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COVID-19, Diabetes Mellitus, ICU, Mortality
Backgorund and aim: There are many studies on the effects of Diabetes Mellitus on the clinical course in COVID-19 patients. Factors that increase the risk of contracting COVID-19 disease and increase disease progression have been caused, and diabetes mellitus is one of them. We aimed to evaluate the incidence of Diabetes Mellitus in patients treated in the intensive care unit in respiratory failure due to COVID-19 pneumonia, and the effect of Diabetes Mellitus on the length of stay in intensive care and mortality.
Methods: Our study is a single-center retrospective study. The study includes patients hospitalized in our COVID intensive care unit between March 16, 2019, and May 16, 2020 Patients over 18 years of age with and without a history of Diabetes Mellitus were compared in 2 groups. Demographic data of the patients, length of stay in the intensive care unit, respiratory support methods, presence of other comorbid diseases, effects of Diabetes Mellitus to mortality in ICU were recorded.
Results: The information of 150 patients was obtained in the COVID-19 intensive care units of our hospital. Diabetes Mellitus was detected in 49 of the patients hospitalized in intensive care. 34.7% of these patients were female and 65.3% were male. There was no significant difference in survival in both groups (p = 0.942). The BMI of the patients with Diabetes Mellitus was 27.07 ± 2.55, significantly higher (p = 0.005). Intensive care stay periods were similar in both groups. The presence of hypertension was significantly higher in those with Diabetes Mellitus (p = 0.000). There was no statistically significant difference between respiratory support methods.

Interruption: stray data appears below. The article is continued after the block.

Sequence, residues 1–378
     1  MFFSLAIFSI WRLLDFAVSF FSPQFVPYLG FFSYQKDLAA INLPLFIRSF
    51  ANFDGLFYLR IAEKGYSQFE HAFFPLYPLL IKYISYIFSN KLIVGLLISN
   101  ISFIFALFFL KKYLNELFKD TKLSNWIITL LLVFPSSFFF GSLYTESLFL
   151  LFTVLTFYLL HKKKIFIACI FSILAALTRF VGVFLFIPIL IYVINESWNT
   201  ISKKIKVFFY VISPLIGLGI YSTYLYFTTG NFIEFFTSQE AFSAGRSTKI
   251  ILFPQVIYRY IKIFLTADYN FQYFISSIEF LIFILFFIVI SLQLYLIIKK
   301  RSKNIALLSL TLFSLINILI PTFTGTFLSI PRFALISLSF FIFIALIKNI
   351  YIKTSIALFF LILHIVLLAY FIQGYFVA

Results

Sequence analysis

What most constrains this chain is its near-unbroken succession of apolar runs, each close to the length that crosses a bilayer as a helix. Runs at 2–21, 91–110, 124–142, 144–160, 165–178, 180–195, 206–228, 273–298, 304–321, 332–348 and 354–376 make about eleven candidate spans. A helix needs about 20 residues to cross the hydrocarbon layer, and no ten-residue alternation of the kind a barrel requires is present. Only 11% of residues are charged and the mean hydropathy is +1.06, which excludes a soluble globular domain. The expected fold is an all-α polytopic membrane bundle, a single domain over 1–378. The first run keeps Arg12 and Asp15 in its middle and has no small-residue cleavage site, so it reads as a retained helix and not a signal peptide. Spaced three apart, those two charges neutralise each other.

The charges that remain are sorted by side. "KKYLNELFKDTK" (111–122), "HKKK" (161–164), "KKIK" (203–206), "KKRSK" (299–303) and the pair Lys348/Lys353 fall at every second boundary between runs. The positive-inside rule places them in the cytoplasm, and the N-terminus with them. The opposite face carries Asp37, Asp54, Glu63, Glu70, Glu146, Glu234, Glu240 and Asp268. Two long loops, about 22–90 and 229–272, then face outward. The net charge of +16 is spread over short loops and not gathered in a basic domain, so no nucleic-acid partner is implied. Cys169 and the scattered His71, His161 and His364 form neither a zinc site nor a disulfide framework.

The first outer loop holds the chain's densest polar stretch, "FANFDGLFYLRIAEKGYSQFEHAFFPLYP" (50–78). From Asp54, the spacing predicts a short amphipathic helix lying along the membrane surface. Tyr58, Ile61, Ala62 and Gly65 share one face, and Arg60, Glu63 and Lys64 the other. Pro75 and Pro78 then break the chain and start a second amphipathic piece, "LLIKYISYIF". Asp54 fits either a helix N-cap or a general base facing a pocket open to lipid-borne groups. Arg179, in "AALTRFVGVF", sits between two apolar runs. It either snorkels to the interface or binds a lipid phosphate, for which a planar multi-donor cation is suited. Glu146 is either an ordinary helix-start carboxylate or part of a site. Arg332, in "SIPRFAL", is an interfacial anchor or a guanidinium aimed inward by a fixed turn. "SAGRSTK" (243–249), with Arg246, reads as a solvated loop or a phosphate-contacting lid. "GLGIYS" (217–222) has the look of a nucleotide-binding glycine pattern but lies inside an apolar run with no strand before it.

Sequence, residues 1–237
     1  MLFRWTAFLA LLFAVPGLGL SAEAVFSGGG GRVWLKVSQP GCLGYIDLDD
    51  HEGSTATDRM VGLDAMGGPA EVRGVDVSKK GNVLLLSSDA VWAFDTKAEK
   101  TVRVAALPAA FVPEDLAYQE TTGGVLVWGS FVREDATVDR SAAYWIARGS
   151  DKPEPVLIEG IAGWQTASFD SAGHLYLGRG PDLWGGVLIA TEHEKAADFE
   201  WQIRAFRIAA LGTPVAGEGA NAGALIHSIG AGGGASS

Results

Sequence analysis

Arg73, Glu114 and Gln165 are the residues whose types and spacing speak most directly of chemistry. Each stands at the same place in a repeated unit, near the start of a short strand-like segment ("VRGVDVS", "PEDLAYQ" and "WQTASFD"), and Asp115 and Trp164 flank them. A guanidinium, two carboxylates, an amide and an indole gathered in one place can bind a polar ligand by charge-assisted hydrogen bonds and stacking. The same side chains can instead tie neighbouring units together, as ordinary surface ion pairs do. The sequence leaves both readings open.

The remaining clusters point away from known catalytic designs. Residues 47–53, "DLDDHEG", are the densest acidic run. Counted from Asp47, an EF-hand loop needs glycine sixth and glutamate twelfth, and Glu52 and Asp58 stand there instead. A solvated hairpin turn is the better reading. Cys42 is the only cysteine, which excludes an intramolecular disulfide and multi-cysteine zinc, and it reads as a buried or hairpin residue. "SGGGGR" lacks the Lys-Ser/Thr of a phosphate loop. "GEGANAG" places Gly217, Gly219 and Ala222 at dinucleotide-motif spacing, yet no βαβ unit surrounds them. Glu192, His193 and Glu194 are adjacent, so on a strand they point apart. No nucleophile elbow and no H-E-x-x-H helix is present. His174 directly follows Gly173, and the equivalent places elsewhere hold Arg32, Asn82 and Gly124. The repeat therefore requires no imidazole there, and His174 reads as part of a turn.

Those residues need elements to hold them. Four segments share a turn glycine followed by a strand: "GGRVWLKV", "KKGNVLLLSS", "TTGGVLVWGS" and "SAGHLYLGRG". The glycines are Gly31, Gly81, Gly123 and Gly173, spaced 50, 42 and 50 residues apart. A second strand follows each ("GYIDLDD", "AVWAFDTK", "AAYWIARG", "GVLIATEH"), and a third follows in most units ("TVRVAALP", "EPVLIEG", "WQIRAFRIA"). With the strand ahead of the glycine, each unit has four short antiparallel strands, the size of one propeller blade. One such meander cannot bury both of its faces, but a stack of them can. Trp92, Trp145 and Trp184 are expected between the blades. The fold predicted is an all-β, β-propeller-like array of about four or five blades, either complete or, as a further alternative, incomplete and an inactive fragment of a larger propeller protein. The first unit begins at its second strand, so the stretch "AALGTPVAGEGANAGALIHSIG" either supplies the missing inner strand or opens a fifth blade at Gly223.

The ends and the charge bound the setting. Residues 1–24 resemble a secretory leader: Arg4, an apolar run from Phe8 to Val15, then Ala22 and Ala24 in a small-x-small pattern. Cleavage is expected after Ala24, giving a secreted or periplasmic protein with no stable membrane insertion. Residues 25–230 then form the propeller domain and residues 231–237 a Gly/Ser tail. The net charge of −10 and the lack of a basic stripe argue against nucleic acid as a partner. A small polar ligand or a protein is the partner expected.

Conclusions: Diabetes Mellitus did not affect the duration of stay in the intensive care unit and mortality in patients who were followed up and treated in the intensive care unit due to COVID-19 pneumonia.
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